Business customers with claims against TELUS Communications must pursue their cases through arbitration rather than as part of a class action, the Supreme Court of Canada ruled today in a decision that set guidelines for cases in which consumer class actions and arbitration clauses intersect.
However, the arbitration clause was determined to be invalid in regard to personal customers by virtue of Ontario’s Consumer Protection Act.
“This is an important decision that protects the process of arbitration but gives guidance concerning a very specific area of consumer protection,” says Brian Casey, an arbitrator and principal of Bay Street Chambers in Toronto. “The Arbitration Act provides that parties to an arbitration agreement are going to have to arbitrate, period.”
The class action arose from claims that TELUS had rounded up lengths of mobile phone calls to the next minute without disclosing this to its customers, so that customers were overcharged for calls and not entitled to the number of minutes they should have had under their contracts.
Under s. 7(5) of the Arbitration Act, a court may “stay the proceeding with respect to the matters dealt with in the arbitration agreement and allow it to continue with respect to other matters if it finds that . . . (b) it is reasonable to separate the matters dealt with in the agreement from the other matters.”
The motion judge dismissed TELUS’s motion to stay the proceeding, finding that it was not reasonable to separate matters, i.e., between personal and business customers. She found the issues to be the same, that separating the claims would lead to inefficiency and inconsistent results and to a multiplicity of proceedings. The Court of Appeal for Ontario dismissed TELUS’s request for a stay application.
“[T]he Consumer Protection Act expressly shields consumers from a stay of proceedings under the Arbitration Act,” Justice Michael Moldaver wrote for the majority, with justices Clément Gascon, Suzanne Côté, Russell Brown and Malcolm Rowe concurring.
“Consequently, they are free to pursue their claims in court. The business customers, however, do not benefit from these protections. So where does this leave them?”
The answer, said the majority, lay in the wording of s. 7 of the Arbitration Act. The respondent, Avraham Wellman, had argued that s. 7(5) of the act allows for a court’s discretion for all customers, whether personal or business, to pursue their claims in court together. The majority disagreed.
“. . . I am of the view that s. 7(5) of the Arbitration Act does not grant the court discretion to refuse to stay claims that are dealt with in an arbitration agreement. To borrow the language from this Court’s decision in Seidel v. TELUS Communications Inc., 2011 SCC 15,  1 S.C.R. 531, it is not ‘a legislative override of the parties’ freedom to choose arbitration.”
While the majority decision is “clearly right in law,” says William Horton of William G. Horton Commercial Arbitration in Toronto, “to my mind, the outcome of the decision is very unsatisfactory from every point of view. . . . I think the courts need some help from the legislature, and [the decision] has made it clear that that’s needed. Even the majority lays it at the door of the legislature.”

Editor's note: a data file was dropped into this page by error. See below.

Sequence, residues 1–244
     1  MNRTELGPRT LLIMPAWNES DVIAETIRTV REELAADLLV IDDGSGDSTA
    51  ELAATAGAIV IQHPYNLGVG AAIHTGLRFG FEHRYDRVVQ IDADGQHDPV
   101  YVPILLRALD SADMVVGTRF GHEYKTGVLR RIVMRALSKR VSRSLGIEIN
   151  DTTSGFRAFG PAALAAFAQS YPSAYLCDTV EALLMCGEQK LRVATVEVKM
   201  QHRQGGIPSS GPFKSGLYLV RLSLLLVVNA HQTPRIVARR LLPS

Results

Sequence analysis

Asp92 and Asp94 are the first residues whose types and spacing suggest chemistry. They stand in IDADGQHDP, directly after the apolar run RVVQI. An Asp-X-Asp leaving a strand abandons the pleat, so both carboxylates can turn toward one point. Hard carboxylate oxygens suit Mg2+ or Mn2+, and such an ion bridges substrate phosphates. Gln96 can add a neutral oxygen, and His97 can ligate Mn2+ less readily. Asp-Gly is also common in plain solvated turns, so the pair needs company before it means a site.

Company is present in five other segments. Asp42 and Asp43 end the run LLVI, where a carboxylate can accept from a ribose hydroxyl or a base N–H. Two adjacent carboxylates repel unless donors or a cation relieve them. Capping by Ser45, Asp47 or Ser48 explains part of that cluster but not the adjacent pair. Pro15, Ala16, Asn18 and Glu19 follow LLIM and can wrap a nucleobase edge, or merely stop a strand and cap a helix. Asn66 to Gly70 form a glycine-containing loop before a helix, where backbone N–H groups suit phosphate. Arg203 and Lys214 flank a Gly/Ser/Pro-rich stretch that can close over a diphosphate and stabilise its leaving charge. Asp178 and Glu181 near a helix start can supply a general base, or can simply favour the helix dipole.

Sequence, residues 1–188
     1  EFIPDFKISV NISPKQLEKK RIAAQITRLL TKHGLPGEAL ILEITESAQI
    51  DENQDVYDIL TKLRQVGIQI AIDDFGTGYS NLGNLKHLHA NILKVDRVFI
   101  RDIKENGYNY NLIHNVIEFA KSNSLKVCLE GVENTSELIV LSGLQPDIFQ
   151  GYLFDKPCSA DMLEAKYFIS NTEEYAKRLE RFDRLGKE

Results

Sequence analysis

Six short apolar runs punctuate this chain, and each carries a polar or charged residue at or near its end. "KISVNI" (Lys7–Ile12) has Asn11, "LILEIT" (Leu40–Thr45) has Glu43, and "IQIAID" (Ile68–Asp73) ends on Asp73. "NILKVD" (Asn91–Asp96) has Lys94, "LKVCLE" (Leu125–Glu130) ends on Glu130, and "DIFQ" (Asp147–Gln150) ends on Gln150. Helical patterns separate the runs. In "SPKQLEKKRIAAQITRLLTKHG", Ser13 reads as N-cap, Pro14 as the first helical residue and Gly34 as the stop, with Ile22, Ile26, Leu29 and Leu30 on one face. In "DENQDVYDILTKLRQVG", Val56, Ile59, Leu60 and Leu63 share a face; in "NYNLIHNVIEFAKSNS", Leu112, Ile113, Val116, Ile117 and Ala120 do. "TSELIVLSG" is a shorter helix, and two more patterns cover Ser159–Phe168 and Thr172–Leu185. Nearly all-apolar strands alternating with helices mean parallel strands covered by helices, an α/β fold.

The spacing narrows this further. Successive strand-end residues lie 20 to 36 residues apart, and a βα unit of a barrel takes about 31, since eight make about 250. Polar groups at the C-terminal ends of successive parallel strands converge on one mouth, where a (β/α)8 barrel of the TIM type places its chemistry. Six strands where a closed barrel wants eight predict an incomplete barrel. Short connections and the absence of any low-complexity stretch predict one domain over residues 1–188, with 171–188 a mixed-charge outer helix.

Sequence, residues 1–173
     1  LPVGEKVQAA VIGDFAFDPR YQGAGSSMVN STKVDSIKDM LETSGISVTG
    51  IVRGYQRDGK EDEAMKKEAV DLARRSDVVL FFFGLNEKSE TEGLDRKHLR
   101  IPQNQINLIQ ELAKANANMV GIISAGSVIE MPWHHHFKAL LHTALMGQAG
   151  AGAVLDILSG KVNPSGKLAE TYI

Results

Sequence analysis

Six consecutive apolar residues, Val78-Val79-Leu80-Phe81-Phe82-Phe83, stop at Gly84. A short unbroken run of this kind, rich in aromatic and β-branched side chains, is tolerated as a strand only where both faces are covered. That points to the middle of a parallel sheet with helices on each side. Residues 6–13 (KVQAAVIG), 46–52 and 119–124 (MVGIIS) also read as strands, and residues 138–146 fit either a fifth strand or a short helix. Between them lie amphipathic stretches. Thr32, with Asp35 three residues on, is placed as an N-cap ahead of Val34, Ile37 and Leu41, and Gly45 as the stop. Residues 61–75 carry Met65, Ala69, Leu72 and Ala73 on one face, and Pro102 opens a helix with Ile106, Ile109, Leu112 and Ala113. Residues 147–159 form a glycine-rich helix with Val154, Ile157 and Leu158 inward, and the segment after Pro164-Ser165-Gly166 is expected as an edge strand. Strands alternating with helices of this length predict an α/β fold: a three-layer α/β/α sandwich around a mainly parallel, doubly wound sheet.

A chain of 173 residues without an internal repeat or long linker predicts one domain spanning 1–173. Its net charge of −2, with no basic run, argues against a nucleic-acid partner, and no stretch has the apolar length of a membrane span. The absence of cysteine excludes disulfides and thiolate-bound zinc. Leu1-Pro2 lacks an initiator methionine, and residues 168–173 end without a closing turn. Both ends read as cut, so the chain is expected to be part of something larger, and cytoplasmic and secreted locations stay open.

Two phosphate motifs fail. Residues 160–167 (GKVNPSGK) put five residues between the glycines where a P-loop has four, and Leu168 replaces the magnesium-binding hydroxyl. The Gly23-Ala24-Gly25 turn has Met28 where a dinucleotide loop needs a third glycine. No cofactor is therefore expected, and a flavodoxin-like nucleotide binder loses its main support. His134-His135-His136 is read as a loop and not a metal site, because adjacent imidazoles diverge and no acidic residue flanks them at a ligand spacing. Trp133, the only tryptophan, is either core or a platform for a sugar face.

At issue are access to justice for consumers and using both arbitration and class actions for the purposes for which they were meant to be used.
“From an arbitration standpoint, I think it is a correct reading of [the Arbitration Act] to say, if it’s covered by an arbitration agreement, the court should stay the proceedings that are dealt with in the arbitration agreement,” says Horton. “But in the class action context, we have a whole different dynamic going on.”
In the TELUS case, the arbitration clause “is not really an arbitration agreement but simply to shut down class actions,” he says. That’s because companies with such clauses in their consumer agreements do not anticipate their customers going to arbitration to settle small claims, he says.
“What’s happening is that the arbitration agreements are being used to shut down access to the only effective remedy that people have,” Horton told Legal Feeds. “That’s what makes s. (7)5 [of the Arbitration Act] different in the context of class proceedings. That’s why the [Ontario] Court of Appeal has said for the last 10 to 12 years, in the context of class actions . . . that it makes sense” to let all claims of the same nature be determined together.
Justices Rosalie Abella and Andromache Karakatsanis, in joint dissenting reasons (also writing for Chief Justice Richard Wagner and Justice Sheilah Martin) would have dismissed the appeal. They found that where a proceeding includes matters covered by an arbitration agreement and other matters that are not, s. 7(5) of the Arbitration Act gives a judge discretion to allow the entire proceeding to continue in court, even if some parties would otherwise be subject to an arbitration clause.
The minority understood why the class action context should distinguish some arbitration agreements from others, Horton says.
“It's a different analysis, because there's a question about whether these arbitration agreements are ever really meant to produce arbitrations,” he says.